THE POWER OF PARTNERSHIP IN GDPR
So, GDPR has arrived, hopefully with a quiet whimper and no loud bangs for anyone, and more hopefully with everyone recognising now that the GDPR isn’t this generations Y2K.
Good data governance is here to stay and the continued challenge of evolution whilst managing and growing your business is one that is at the forefront of many peoples’ minds. How do you ensure that the health and welfare of your customers data is top priority and at the same time drive a successful marketing campaign that sees engagement with the right people and consistent increase in sales? It’s a lot of plates to spin even without considering all the other daily requirements on busy marketing teams.
As it’s not commercially viable for most businesses to have their own in-house production and mailing facilities, chances are, if you are part of a marketing team, you are using suppliers such as mailing houses and agencies for creative design and content, data processing and print production in order to deliver your customer campaigns.
These data processors become a significant part of the execution of your campaigns and handle your customer data on a daily basis, so it goes without saying that you have to be confident that you have engaged with a third party who shares your approach to data protection.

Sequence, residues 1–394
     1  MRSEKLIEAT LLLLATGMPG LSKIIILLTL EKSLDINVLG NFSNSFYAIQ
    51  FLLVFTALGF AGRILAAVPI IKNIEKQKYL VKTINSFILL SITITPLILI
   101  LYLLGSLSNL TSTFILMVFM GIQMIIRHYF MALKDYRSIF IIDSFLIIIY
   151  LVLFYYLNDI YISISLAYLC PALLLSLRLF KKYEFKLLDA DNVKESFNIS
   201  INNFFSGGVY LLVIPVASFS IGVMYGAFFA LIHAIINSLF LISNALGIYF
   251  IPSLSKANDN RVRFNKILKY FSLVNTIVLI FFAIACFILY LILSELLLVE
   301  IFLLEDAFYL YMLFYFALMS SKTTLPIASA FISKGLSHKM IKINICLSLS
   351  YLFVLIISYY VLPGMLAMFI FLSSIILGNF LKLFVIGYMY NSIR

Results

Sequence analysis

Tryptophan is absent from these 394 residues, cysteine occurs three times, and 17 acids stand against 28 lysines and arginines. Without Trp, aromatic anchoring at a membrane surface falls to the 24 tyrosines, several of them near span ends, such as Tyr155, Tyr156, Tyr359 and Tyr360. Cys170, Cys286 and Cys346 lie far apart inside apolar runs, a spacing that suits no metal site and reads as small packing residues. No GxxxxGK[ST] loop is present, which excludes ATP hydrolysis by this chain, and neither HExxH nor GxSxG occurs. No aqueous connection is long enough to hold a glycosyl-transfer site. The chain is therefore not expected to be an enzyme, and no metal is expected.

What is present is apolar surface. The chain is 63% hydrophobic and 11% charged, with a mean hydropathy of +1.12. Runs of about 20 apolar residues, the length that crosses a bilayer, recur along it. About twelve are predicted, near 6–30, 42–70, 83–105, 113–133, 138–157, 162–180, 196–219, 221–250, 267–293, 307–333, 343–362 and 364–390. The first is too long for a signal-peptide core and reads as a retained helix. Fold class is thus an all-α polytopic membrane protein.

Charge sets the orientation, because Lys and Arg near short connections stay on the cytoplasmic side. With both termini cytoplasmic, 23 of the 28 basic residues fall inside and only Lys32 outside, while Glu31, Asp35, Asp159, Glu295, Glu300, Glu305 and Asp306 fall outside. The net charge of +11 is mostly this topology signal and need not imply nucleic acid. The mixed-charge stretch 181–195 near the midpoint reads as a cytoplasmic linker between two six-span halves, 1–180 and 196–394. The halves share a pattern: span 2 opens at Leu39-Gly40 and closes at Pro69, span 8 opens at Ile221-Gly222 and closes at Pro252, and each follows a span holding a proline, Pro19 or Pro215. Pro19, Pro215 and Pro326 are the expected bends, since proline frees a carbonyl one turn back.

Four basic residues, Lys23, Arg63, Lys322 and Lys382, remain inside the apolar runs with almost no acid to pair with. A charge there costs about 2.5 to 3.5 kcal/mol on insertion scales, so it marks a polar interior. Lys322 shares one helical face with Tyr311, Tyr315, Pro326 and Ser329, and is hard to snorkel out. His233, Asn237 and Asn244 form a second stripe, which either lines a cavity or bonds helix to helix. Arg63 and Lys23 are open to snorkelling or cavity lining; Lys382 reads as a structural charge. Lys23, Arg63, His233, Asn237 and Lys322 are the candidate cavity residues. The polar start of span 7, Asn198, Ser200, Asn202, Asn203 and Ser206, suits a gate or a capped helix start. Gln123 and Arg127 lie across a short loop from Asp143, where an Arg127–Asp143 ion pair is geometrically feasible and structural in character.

A Shift In Thinking
All it takes is a small shift in thinking when it comes to engaging with a third party. The time is passing where it is enough for procurement to source a supplier, marketing directors need to be looking for a partnership. Find a business who understand the full scope of the GDPR and its importance to the consumer, who know and appreciate that your customer data is the life blood of your business and that the treatment of it is what is driving your business success.
Your partner should be aligned with you, after all they are in exactly the position as you are. Data is the life blood of their business too and they should be able to demonstrate their company ethos toward data protection at every stage of engagement.
The GDPR brings new legislation for the data processors that you work with, in that it gives them new responsibilities. They now carry liability where they previously did not. Past law saw all liability sit squarely in the lap of data controller and whilst this is good news in that it will surely drive data processors to look at their procedures carefully, you don’t want to get to a situation where liability needs to even be discussed. Liability won’t repair the damage done to your brand if compliance has been broken.
Talk About It
So, speak to your partners. Just sitting down and talking will show you if you are aligned and give you confidence that the businesses that you engage with operate as an extension of you and your marketing department and have your goals and motivations at the forefront of their minds when collaborating with you to deliver success.
The GDPR is a weighty subject for anyone so don’t shoulder the responsibility alone when you really don’t have to.